My guess is that critics of this proposal would say it comes from an entitled first world and that everyone should get a chance to host the games, and sorry, Yankee, if you'd be more uncomfortable in Rio than say Los Angeles (which is home to air pollution, thousands of homeless people kept out of sight and a significant gang problem), where they speak English and you might get around more easily.  Perhaps I am blind to that.   But what is hard to dispute are the staggering requirements for people, organization, processes and funds to pay for these games.  And, if that's not in dispute, then let's work together to craft "permanent" locations that can  save governments around the world money and time. 

Everyone would still enjoy the Olympics.  The venues could be spectacular and accessible.  And safe.  And have uses for well after the games conclude, including as international conclaves for all sorts of sporting competitions. 

But with the IOC, who knows?   They could do just the opposite -- if the price is right.

Wednesday, July 20, 2016

The Absurd Debate Over College Athletics

I listened to part of the discussion Mike and Mike this morning about college athletics and, particularly, whether college athletes should be paid.  The reason that I call this discussion absurd is that there are so many more important things going on in the world than college athletics.  It's also absurd because the focus on college athletics is so out of proportion to what it should be.

First, it strikes me that most college athletic programs at best break even or lose money.  Some do make money, such as schools with elite football programs that are name brands around the country.  But more than 80% of Division I (FBS) teams lose money.  Which means that, correspondingly, their school's athletic programs lose money because football by far is the largest sport. 

Second, it is a bromide that alumni donations go up when a school wins a championship, but I am not sure that it is true.  It could be that applications go up, but I'm not sure that alumni donations do.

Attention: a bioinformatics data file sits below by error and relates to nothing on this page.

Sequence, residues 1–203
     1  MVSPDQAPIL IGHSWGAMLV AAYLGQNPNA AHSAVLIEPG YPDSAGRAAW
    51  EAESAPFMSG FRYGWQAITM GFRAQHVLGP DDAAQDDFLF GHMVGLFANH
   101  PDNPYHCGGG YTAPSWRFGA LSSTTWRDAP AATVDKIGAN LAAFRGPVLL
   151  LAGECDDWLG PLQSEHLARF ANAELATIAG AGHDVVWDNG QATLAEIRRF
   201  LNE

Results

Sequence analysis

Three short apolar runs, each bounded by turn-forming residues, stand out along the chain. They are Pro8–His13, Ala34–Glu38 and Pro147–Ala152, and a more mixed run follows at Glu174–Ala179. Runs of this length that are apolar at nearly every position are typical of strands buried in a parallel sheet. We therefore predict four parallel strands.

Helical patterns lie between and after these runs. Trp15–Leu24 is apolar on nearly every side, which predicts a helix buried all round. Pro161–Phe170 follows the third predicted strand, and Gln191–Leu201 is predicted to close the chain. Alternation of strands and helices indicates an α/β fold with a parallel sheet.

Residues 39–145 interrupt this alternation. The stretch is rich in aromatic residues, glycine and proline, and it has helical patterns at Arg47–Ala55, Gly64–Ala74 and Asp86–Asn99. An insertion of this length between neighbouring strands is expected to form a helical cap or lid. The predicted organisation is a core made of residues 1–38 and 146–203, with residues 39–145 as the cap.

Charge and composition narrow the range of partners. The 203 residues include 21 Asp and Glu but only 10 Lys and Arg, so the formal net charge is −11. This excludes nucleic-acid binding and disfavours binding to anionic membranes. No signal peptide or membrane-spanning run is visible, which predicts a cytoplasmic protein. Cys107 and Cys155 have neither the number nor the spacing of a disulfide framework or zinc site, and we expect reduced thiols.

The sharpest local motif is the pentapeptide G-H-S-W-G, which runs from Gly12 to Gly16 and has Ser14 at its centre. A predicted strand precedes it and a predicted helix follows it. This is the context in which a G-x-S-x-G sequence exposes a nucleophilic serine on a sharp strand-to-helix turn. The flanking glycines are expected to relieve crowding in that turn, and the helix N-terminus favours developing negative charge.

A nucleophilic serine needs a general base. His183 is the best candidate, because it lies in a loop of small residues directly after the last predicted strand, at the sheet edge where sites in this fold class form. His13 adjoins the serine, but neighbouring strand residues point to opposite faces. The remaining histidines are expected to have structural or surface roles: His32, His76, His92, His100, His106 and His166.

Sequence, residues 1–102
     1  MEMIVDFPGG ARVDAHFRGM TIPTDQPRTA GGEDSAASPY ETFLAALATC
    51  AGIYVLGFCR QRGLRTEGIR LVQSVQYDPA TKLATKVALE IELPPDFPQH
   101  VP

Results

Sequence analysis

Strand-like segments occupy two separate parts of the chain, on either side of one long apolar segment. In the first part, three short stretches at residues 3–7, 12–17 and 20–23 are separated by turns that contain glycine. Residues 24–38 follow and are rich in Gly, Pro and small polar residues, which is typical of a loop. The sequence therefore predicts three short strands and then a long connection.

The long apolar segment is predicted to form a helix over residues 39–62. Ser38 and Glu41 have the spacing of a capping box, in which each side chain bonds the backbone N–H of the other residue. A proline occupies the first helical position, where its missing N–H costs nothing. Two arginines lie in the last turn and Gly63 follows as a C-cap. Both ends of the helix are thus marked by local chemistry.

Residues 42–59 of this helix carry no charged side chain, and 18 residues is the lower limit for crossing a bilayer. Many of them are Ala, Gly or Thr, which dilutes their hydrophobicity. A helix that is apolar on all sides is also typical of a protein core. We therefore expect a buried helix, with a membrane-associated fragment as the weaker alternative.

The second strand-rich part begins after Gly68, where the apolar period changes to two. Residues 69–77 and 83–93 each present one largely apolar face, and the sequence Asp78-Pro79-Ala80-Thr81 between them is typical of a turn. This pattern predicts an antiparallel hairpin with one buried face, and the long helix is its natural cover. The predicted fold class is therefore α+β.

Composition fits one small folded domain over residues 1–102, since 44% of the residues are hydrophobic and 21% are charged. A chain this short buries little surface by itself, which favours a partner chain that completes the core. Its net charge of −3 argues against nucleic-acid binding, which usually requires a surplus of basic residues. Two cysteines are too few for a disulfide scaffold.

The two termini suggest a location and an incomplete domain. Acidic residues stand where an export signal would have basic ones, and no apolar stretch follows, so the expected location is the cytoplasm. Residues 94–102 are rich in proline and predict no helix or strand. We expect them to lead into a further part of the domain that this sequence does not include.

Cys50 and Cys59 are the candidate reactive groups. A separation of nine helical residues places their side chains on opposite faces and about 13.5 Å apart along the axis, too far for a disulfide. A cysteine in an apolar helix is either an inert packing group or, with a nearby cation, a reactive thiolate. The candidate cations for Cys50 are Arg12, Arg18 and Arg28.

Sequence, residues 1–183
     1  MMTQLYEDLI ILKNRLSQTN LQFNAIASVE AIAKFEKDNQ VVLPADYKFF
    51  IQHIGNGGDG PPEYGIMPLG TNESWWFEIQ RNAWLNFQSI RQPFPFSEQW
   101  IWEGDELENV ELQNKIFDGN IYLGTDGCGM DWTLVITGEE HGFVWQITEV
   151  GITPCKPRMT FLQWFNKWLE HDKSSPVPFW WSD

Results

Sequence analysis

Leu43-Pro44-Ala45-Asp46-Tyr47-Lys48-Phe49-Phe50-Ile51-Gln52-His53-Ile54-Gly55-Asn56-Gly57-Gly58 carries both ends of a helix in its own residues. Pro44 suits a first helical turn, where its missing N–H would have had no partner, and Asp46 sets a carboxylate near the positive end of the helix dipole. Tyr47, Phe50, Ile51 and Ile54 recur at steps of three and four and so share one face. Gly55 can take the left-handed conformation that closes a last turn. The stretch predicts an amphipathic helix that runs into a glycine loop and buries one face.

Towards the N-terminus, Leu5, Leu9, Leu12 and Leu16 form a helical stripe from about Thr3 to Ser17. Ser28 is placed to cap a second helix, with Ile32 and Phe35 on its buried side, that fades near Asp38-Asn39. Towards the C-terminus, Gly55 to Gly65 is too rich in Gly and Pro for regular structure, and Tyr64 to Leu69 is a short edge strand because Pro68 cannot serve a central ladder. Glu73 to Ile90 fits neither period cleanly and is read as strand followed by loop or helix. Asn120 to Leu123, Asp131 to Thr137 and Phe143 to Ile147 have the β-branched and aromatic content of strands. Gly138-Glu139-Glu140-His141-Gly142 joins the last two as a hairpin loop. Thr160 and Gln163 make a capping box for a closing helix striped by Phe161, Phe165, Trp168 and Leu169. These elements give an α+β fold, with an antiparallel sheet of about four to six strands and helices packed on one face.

Third, a scholarship should be enough compensation for student-athletes, with some caveats, such as -- a) they can get scholarship monies for two additional years beyond when they played owing to the large time commitments that they had to make, b) the scholarships are good regardless of whether a player gets cut from a team (that is, they should be renewable, period), c) the scholarships should be released if a coach leaves a school because the playing field should be even (that is, if the coach can leave without penalty, why shouldn't the kids be able to leave) and d) the schools should public iron-clad metrics regarding the percentage of athletes that get degrees, what they've majored in and what their jobs are after football.  And one other thing -- give them some more walking around money so that they don't have to yield to temptation, say $250 a month. 

But don't start arguing that they should be paid.  Yes, there has been a lot of attention paid to the argument that there is no such thing as an unpaid internship any more under Federal law, that either the intern gets college credit or gets paid.  There is a lot of case law on that.  But college activities should be in a different category, even if you allow for an exception for "significant revenue sports" -- football, men's basketball at many places, ice hockey at some schools and women's basketball at some schools.  Otherwise, schools would jettison their extracurricular activities because they won't have the money to pay players, they don't want to create a Hessian class of paid athletes versus unpaid band members, they cannot afford to pay the band members or they don't think they should give college credits to band members.  The costs could be astounding and bankrupting, lest anyone forget that the primary reason these institutions exist is to educate people and not to beat the arch-rival.  Failing that, eliminate intercollegiate sports altogether and run the best intramural programs in history.  And those would involve more students and keep more in better shape physically and correspondingly medically.

At some point we have to ask the fundamental question as to why these programs exist and what is the justification for them?  There really isn't any justification for them.  If the pro leagues want minor leagues, let them pay for them.  Don't require kids to go to college; the feeder system in European soccer works just fine.  The best players go into the best clubs' academies; they don't go offer to play for Oxford or Heidelberg or any such place.  And yes, look, some of these college programs are run like professional programs, I get that.  But perhaps it's time to end the pretense, let colleges educate, and let the pros run their teams.  And then the colleges don't have to go through the gymnastics that the huge NCAA rule book requires and the schools can dedicate precious funds to benefit a broader group of students.

I don't want to be a killjoy; there are parts of this country that revere their fan experience with college athletics.  I get that.  But there have to be limits as to the extent a school may go to land key players.  Paying them should just not be one of them.